Species richness and spatial distribution of benthic amphipods (Crustacea: Peracarida) in the Alacranes Reef National Park, Gulf of Mexico

Paz-Ríos, C.E. -  Simões, N. - Pech, D.

The diversity and distribution of benthic amphipods has been explored in the Alacranes Reef, which is the largest coral reef ecosystem in the Gulf of Mexico. New insights into species richness, spatial distribution and extension of geographical ranges are presented by using data from published records and field surveys.

 

A total of 117 species have been recorded, 9 of which are potentially new to science, 39 of which have new geographical records, and 7 are non-indigenous and previously reported in the literature as potentially invasive. Based on the use of a species-richness indicator (Chao 2), the expected species number is 40% higher, up to 200 spp., when compared to the observed species richness.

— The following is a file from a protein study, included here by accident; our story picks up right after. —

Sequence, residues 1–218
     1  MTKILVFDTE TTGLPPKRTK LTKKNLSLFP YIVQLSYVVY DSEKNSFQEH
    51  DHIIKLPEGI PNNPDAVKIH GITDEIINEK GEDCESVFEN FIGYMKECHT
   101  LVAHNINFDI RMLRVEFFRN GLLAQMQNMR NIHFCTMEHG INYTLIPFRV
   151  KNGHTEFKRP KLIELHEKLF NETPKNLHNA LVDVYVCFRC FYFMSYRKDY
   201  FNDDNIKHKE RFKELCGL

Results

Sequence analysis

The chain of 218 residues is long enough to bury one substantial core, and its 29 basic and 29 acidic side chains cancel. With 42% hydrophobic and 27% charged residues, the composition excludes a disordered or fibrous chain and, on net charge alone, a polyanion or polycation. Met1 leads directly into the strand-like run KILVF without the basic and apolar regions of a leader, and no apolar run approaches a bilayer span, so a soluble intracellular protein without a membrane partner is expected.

The spatial distribution of amphipods varied significantly as a function of habitat type, showing the highest richness values on coral patches and the major abundances on man-made structures, such as navigation buoys and fishing traps. Multivariate analyses suggested the distinction between three taxonomically diverse species assemblages that showed similar ecological affinities, i.e. those on: (1) soft-bottom environments, grouping bare substrata and seagrass beds habitats; (2) hard-bottom environments, grouping coral patch and reef wall habitats; and (3) artificial substrata. The results highlight the importance of this reef ecosystem for a high amphipod diversity, but it is susceptible to future modifications in the presence of non-indigenous species, potentially invasive, on artificial substrata.

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